YES! Sole Proprietors Can Have Employees: Here’s What You Need To Know

by Corey Philip //  October 28, 2021

Being a sole proprietor is the simplest form of business to run. Most of the time, it’s just you doing all of the work and calling all of the shots. However, once your 18 hour days start paying off and you have customers and the money coming in, you may consider getting some help and hiring employees to take on some of the work.

Can you hire an employee to help you take your business to the next level as a sole proprietor? As the title says, yes, you can. However, there are some things you need to know and start doing and some different options for you to look at.

Can a Sole Proprietor have Employees?

As a sole proprietor, you likely haven’t had to deal with much on the business side. You are the only employee, you haven’t registered as a business and you just pay your income tax on the money you make. However, there is nothing that says you can’t hire as many employees as you want.

You will have to follow labor and tax laws to hire an employee, and you should not just be handing them money and going on with business as usual.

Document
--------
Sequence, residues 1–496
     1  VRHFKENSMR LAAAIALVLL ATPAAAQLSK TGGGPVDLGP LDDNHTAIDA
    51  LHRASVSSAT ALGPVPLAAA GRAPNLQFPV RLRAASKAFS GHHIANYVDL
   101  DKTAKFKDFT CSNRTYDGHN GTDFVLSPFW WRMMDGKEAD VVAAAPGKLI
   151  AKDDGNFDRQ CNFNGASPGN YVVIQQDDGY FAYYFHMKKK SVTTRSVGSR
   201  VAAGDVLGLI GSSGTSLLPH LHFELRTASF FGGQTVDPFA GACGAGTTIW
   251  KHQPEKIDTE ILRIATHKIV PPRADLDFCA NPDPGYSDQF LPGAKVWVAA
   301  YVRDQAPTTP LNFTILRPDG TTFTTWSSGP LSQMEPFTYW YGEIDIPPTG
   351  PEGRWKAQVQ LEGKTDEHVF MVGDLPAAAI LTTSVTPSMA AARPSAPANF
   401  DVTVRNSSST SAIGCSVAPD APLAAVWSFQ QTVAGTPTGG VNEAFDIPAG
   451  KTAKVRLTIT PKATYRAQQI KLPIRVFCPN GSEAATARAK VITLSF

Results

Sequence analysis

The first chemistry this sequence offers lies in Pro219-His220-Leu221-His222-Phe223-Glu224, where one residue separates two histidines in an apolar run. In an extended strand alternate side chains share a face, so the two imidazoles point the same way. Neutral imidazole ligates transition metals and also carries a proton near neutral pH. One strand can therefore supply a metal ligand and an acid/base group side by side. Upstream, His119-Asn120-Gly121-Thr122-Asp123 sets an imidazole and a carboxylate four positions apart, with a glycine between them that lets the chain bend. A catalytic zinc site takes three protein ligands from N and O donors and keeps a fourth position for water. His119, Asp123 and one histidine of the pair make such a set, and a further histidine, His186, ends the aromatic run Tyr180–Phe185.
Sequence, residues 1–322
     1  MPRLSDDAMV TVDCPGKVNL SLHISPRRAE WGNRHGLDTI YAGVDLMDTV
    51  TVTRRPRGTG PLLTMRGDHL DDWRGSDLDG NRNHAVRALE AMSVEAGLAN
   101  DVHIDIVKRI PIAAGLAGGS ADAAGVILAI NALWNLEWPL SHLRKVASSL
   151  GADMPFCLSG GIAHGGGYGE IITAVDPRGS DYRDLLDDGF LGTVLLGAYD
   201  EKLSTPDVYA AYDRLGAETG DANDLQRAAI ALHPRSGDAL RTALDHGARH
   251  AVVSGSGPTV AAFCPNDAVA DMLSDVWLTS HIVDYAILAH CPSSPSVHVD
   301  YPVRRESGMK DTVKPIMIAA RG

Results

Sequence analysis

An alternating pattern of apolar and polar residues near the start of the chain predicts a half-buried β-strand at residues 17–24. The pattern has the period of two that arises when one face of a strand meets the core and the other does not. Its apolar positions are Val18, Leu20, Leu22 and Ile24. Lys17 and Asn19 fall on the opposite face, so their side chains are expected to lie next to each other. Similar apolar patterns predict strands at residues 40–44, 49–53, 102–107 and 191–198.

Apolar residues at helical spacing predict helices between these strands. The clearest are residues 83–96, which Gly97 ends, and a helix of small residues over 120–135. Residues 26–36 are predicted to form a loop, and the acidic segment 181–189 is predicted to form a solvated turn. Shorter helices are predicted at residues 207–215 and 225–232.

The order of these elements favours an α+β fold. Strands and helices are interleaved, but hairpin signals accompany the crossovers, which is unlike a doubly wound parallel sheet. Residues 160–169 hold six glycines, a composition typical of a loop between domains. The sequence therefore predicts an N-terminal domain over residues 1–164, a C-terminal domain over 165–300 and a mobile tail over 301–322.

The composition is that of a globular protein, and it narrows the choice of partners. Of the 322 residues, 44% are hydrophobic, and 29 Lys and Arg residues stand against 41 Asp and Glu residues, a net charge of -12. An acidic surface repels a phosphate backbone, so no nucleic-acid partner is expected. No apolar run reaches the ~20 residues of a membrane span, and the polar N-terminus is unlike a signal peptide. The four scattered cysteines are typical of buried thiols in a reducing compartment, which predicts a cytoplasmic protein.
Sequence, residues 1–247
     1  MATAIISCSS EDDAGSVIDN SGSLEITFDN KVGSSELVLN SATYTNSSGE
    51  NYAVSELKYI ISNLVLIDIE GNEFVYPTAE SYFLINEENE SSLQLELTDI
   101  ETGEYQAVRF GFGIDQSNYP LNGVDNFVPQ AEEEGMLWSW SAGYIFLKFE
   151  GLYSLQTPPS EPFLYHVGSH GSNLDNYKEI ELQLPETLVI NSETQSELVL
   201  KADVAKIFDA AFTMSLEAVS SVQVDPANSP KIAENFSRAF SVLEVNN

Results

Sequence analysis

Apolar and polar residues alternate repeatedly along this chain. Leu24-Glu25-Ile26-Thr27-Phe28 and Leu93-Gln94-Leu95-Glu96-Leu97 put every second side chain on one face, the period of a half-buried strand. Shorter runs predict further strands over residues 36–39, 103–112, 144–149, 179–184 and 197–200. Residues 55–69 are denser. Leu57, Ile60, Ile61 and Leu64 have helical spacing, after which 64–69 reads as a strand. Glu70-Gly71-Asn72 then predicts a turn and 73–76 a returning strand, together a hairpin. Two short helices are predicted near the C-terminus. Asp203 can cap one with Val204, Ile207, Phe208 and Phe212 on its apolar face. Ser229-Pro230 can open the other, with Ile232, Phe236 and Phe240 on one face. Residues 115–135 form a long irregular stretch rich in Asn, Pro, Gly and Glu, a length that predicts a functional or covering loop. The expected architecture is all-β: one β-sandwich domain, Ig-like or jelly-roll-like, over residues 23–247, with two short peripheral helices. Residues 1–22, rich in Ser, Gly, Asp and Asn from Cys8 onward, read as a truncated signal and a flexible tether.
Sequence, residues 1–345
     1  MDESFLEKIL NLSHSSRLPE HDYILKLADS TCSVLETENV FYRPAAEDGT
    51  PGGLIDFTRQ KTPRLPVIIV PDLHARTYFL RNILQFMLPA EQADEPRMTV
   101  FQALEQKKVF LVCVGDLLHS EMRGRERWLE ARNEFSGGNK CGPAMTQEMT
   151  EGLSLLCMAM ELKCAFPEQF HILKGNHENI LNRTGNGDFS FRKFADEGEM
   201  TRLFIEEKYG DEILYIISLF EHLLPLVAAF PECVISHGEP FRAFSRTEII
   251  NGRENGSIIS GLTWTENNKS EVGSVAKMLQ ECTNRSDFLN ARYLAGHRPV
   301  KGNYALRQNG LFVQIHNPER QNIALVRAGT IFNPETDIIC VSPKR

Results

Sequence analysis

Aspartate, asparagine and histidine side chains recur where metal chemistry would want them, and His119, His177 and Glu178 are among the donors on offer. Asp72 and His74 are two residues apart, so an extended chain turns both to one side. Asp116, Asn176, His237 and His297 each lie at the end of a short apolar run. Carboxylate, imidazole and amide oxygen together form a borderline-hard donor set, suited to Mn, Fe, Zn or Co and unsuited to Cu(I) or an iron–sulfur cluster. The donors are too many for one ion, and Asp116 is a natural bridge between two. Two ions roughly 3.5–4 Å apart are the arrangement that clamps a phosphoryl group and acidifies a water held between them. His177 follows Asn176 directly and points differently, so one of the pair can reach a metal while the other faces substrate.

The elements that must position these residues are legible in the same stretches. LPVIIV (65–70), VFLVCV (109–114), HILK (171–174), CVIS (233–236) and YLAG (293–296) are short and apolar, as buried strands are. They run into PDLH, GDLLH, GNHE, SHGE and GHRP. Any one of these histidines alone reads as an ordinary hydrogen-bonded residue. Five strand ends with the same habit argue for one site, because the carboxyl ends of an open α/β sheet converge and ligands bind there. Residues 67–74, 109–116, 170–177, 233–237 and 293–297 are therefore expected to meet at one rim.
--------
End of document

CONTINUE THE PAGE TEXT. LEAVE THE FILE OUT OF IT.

You will need to look at ways to protect yourself and the business, filing taxes, and handling the administration of the employees. Consider the following:

  • Review and adhere to local and state business license and permit rules.
  • Register for an Employer Identification Number (EIN) from the IRS.
  • Verify that your employees have a legal right to work in the US.
  • Create employee files, ensure you include their Social Security Numbers.
  • Collecting income tax withholding information.
  • Review small business insurance requirements, like workers’ compensation.

The most important thing as far as the new employees will be concerned is how to pay them.

How do you Pay Employees as a Sole Proprietor?

Before you’re ready to hire and get your new employees to work, you need to understand how to pay them and what your responsibilities are. Do you just hand them a check, and they file their own taxes?

Online Payroll Companies

When setting up payroll for your new employees, outsourcing the process to an online payroll service is the simplest option. This type of service will handle all the tax requirements for your state and calculate everything required. You can also provide a report to the employee to know what is being done with their money.